City Hall — The latest Frederick Wiseman is another lengthy (4 1/2 hours) documentary about an American institution. This time he showcases the ins and outs of Boston’s municipal government, tracking all the bickering, horse-trading, complaining, and down-right idealism that goes into the urban mix. Demands your attention but rewards it.

Poster of the Day: New York Film Festival

Courtesy of the inimitable John Waters, here is the poster for the upcoming New York Film Festival:

The fest starts on September 17. Here’s the full schedule.

Of course, with virtual screenings and some drive-in shows, it is not precisely a “festival.” But hey, better than adding another series to your Hulu queue that you will never, ever watch.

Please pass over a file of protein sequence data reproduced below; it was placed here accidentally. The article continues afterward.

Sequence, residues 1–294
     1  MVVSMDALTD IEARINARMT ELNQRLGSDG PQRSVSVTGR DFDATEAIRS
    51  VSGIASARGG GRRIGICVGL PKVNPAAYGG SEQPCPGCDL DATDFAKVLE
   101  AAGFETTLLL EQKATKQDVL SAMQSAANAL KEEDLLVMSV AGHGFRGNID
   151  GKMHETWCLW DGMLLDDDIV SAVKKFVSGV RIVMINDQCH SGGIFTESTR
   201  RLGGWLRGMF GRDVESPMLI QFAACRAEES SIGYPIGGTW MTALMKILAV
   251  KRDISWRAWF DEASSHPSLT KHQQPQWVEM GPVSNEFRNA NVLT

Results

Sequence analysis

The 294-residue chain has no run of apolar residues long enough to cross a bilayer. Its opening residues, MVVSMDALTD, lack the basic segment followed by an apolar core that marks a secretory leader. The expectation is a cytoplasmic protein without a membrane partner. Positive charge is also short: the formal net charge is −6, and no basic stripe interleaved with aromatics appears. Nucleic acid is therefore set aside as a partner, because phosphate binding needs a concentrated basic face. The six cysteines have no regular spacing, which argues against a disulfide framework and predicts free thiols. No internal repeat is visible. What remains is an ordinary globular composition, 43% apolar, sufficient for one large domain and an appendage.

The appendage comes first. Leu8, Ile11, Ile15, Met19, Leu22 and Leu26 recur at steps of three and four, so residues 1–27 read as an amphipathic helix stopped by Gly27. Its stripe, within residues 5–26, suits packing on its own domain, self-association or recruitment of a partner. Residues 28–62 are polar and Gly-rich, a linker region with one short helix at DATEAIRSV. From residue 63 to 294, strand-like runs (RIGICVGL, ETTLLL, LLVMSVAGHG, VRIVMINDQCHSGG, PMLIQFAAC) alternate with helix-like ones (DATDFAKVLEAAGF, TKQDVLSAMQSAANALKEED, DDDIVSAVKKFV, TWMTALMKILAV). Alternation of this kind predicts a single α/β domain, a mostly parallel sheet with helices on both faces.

Screening Room: Docs to Watch Out For

Last week’s online edition of the AFI DOCS film festival featured premieres of several documentaries that will be worth keeping your eyes peeled for later in the year when they hit broader release. I reviewed two of them for The Playlist.

  • 9to5: The Story of a Movement (pictured above): “Even in our supposedly more enlightened times, when people hear the word ‘labor,’ they are likely to conjure up a predictable set of mental images: Burly white guys in hard hats…”
  • White Noise: “A queasily riveting documentary that puts the audience far closer than comfort to some of the worst people in the world…”

Screening Room: Human Rights Watch Film Festival

The 2020 edition of the always worthwhile Human Rights Watch Film Festival is going virtual this year, like everything else. It’s a shorter than normal list of documentaries, but still contains some sharp and unforgettable work.